I just wrote about the Quatuor Ebène’s brilliant new Schubert recording, which received an Editor’s Choice in Gramophone. This legendary magazine is obviously among the ultimate references in reviewing classical music.
Therefore, I checked out another Editor’s Choice from Gramophone’s May Edition:
Tchaikovsky & Grieg: Piano Concertos – Denis Kozhukin – Vassily Sinalsky – Rundfunksinfonieorchester Berlin (Pentatone 2016)
Then I started listening. And couldn’t believe my ears. The Tchaikovsky is about as far as my idea of an ideal recording as it could be.
To be fair, I’m not a big fan of Tchaikovsky in the first place (see also here), and I have played his 1st piano concerto too much in my youth, unfortunately on another recording which today I really don’t like, Evgeny Kissin’s famous (or notorious) recording with Herbert von Karajan and the BPO.
To give you an idea how for my ears this concerto should be played, check out this legendary 1943 concerto played by Vladimir Horowitz and Arturo Toscanini:
This version really couldn’t be any more different to this new Pentatone release
So what does Patrick Rucker praise in his review? He mainly compliments Kozhukin’s naturalness. And I get that. The slow movement of the Grieg for example is beautifully played (I still prefer Andnes by quite a bit though). However, he then goes on and writes “you’re left with one thing: the music”. Well I really don’t get it, to me this music without the full power of the emotion of these romantic masterpieces is missing so much, TOO much for me.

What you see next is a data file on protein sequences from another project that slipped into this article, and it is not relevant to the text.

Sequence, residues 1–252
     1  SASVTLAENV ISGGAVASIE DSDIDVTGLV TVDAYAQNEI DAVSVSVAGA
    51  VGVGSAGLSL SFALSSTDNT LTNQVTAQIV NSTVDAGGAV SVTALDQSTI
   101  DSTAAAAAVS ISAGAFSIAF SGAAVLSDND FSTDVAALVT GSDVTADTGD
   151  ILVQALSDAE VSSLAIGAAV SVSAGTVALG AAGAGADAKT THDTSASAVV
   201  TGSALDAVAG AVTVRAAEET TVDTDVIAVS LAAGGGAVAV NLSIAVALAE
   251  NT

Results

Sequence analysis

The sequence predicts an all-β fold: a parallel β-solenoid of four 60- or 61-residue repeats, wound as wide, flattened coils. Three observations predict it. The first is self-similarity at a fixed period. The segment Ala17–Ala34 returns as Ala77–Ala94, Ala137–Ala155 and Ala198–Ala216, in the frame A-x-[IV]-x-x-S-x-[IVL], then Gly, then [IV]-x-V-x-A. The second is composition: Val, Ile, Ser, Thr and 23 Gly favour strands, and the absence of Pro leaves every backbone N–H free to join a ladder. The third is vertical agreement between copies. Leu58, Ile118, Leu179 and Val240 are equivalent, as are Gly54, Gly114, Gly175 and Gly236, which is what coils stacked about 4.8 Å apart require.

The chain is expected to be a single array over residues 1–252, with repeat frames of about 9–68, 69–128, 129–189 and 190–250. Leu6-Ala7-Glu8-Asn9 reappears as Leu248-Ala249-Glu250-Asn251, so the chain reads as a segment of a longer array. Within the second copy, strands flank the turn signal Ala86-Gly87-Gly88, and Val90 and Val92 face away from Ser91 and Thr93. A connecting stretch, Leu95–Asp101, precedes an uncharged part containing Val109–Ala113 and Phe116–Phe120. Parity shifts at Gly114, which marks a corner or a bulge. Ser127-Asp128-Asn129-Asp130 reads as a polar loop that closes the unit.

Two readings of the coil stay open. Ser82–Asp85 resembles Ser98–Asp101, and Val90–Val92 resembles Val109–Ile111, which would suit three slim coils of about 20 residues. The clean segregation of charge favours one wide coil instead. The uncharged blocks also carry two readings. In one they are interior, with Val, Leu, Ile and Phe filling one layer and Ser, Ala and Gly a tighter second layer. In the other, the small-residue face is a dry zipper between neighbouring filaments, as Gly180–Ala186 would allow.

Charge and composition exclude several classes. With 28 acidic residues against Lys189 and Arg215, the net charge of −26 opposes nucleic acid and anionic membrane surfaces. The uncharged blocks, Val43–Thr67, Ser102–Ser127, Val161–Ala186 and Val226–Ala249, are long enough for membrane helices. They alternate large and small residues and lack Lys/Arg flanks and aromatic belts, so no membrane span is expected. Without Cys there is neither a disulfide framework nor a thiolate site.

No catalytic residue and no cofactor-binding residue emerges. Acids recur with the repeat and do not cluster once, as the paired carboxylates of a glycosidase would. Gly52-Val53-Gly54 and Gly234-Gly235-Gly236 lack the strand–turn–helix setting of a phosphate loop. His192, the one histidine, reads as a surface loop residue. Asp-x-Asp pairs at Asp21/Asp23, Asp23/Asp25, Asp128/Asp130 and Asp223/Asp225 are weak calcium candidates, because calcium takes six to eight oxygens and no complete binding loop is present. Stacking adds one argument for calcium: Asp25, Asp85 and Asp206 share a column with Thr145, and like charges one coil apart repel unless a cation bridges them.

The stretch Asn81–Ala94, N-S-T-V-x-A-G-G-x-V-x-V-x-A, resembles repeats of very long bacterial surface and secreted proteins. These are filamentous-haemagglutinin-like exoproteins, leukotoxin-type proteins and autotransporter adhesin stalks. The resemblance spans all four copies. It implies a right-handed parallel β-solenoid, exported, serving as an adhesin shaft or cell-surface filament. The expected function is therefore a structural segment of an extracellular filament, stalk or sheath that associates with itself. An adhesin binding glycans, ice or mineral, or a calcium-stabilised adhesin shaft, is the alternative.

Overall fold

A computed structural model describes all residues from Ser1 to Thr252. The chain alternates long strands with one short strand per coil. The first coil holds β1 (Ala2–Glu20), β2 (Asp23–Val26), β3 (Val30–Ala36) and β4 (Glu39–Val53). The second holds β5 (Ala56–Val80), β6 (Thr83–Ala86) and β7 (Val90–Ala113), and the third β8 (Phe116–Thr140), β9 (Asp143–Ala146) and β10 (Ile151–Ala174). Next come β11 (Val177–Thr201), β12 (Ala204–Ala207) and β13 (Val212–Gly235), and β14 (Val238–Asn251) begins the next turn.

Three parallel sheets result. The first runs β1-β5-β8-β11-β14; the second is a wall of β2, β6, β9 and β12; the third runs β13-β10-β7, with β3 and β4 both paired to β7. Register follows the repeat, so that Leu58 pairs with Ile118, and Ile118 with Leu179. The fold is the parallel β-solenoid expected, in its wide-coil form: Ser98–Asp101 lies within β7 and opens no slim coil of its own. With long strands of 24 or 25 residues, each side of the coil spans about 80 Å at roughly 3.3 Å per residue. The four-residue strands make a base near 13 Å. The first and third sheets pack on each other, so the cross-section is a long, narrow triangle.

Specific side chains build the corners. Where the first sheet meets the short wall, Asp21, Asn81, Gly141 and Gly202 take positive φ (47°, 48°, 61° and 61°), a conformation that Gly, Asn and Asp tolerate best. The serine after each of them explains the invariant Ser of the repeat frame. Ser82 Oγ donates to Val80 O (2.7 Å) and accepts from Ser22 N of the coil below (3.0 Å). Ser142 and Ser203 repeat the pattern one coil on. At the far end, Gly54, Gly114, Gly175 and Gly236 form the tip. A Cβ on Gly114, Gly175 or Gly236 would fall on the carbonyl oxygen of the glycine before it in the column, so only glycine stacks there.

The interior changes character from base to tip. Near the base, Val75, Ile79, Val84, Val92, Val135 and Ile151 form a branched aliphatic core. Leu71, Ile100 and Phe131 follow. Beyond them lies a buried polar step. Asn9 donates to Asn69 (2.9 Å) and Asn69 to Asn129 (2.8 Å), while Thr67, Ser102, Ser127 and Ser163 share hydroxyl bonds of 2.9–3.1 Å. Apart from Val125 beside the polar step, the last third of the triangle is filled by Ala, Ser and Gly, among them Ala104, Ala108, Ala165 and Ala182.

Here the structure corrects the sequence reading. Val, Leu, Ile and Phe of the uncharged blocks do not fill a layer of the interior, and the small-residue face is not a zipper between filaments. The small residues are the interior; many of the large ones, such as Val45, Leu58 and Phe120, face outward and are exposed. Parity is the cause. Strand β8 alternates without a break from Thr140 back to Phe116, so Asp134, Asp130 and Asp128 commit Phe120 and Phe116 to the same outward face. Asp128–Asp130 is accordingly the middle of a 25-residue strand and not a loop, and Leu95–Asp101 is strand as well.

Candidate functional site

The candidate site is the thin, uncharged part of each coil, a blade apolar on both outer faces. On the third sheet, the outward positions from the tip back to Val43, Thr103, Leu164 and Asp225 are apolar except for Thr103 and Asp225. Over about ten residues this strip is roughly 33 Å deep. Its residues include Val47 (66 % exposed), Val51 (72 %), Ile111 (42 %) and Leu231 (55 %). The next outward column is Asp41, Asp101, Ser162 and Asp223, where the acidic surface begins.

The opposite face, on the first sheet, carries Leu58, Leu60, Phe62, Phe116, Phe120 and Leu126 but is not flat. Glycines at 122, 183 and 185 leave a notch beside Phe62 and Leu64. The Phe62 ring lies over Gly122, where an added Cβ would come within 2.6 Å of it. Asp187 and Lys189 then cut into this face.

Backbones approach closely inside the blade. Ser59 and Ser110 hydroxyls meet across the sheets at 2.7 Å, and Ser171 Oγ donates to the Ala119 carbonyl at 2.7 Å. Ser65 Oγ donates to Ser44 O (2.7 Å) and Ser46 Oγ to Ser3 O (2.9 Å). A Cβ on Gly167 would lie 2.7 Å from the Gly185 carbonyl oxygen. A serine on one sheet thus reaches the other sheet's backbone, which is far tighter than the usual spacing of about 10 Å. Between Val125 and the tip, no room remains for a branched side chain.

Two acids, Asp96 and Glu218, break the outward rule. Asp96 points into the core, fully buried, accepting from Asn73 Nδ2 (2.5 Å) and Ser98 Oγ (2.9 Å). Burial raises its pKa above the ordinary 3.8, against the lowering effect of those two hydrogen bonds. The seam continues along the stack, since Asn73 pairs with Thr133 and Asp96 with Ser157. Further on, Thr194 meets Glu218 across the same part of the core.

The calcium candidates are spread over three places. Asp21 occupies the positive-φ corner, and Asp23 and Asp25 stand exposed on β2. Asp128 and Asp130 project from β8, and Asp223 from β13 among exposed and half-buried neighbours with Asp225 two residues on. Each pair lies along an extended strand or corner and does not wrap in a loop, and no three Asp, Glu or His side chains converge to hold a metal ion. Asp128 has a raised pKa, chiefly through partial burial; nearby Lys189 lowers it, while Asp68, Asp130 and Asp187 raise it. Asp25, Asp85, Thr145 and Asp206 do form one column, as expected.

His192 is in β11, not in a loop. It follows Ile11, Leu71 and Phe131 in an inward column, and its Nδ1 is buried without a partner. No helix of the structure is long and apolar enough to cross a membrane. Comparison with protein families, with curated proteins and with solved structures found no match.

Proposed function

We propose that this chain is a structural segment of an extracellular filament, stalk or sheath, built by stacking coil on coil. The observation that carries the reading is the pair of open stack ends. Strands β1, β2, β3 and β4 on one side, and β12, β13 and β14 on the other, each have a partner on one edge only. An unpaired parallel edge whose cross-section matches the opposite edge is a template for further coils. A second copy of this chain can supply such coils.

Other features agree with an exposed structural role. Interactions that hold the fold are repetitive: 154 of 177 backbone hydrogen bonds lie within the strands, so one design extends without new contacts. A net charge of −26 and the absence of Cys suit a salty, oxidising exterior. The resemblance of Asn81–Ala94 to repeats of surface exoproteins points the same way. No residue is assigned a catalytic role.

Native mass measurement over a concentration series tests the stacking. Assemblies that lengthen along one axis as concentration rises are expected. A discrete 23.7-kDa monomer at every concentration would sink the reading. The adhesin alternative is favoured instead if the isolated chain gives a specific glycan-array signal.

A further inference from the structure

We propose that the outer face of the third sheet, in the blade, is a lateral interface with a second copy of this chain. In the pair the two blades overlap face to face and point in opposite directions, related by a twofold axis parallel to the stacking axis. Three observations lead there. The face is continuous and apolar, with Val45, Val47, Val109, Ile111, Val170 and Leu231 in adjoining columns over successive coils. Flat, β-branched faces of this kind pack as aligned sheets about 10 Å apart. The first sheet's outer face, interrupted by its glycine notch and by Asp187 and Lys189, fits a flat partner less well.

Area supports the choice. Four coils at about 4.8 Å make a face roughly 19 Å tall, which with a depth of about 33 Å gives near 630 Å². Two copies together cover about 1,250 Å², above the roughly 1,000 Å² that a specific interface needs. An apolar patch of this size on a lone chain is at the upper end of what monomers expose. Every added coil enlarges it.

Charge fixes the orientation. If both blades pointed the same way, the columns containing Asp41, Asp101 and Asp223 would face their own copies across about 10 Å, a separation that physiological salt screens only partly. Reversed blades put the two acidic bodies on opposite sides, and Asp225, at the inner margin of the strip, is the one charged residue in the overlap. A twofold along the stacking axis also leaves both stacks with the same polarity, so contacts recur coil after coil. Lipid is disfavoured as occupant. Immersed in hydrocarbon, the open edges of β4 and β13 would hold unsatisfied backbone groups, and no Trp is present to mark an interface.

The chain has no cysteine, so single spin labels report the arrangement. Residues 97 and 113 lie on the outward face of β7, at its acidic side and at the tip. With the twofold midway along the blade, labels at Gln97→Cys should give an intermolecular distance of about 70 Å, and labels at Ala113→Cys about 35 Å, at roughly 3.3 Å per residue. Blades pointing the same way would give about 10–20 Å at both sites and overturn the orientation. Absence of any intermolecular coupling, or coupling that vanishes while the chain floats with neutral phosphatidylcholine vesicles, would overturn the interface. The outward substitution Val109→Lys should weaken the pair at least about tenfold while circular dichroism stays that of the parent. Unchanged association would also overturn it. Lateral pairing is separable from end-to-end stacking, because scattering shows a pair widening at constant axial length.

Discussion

My rating: Three stars (I don’t want to give Kozhukhin less than this, as I can clearly hear from this album that he has potential, although if I follow my own rating system systematically, it should have been 2 stars, as I’ll definitely won’t be listening to this album again).
P.S. I already had this recording typed out and ready for publishing when I read the review in the just released May issue of Classica Magazine, my other reading of choice.
And guess what: Two stars! (out of 5), to quote Clément Serrano about the Tchaikovsky “sans prise de risque”, without risk-taking, and similar, although slightly friendlier words about the Grieg. He reminds his readers again about the recent Perianes – Oramo recording of the Grieg, and I couldn’t agree more.
So in a nutshell, never trust a single review of a classical music album, even if it comes from a very reputable source, but always make up your own mind before buying. Luckily, in the days of streaming services, this is easier than ever.